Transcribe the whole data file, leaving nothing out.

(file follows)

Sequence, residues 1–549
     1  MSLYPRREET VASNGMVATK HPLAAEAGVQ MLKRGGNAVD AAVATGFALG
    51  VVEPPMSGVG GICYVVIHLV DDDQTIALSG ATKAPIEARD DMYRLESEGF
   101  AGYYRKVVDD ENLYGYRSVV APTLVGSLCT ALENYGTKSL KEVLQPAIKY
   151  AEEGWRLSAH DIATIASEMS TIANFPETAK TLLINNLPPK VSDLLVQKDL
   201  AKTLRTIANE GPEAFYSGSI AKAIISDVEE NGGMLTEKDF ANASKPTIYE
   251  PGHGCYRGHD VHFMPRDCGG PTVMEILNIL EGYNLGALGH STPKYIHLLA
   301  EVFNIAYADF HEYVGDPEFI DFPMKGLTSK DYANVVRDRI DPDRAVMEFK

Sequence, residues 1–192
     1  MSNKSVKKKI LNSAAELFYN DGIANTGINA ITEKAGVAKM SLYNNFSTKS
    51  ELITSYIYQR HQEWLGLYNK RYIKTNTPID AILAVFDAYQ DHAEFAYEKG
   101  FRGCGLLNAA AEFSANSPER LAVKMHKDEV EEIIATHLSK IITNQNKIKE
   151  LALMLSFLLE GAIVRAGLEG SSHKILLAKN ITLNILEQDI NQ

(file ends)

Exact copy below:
Sequence, residues 1–549
     1  MSLYPRREET VASNGMVATK HPLAAEAGVQ MLKRGGNAVD AAVATGFALG
    51  VVEPPMSGVG GICYVVIHLV DDDQTIALSG ATKAPIEARD DMYRLESEGF
   101  AGYYRKVVDD ENLYGYRSVV APTLVGSLCT ALENYGTKSL KEVLQPAIKY
   151  AEEGWRLSAH DIATIASEMS TIANFPETAK TLLINNLPPK VSDLLVQKDL
   201  AKTLRTIANE GPEAFYSGSI AKAIISDVEE NGGMLTEKDF ANASKPTIYE
   251  PGHGCYRGHD VHFMPRDCGG PTVMEILNIL EGYNLGALGH STPKYIHLLA
   301  EVFNIAYADF HEYVGDPEFI DFPMKGLTSK DYANVVRDRI DPDRAVMEFK

Sequence, residues 1–192
     1  MSNKSVKKKI LNSAAELFYN DGIANTGINA ITEKAGVAKM SLYNNFSTKS
    51  ELITSYIYQR HQEWLGLYNK RYIKTNTPID AILAVFDAYQ DHAEFAYEKG
   101  FRGCGLLNAA AEFSANSPER LAVKMHKDEV EEIIATHLSK IITNQNKIKE
   151  LALMLSFLLE GAIVRAGLEG SSHKILLAKN ITLNILEQDI NQ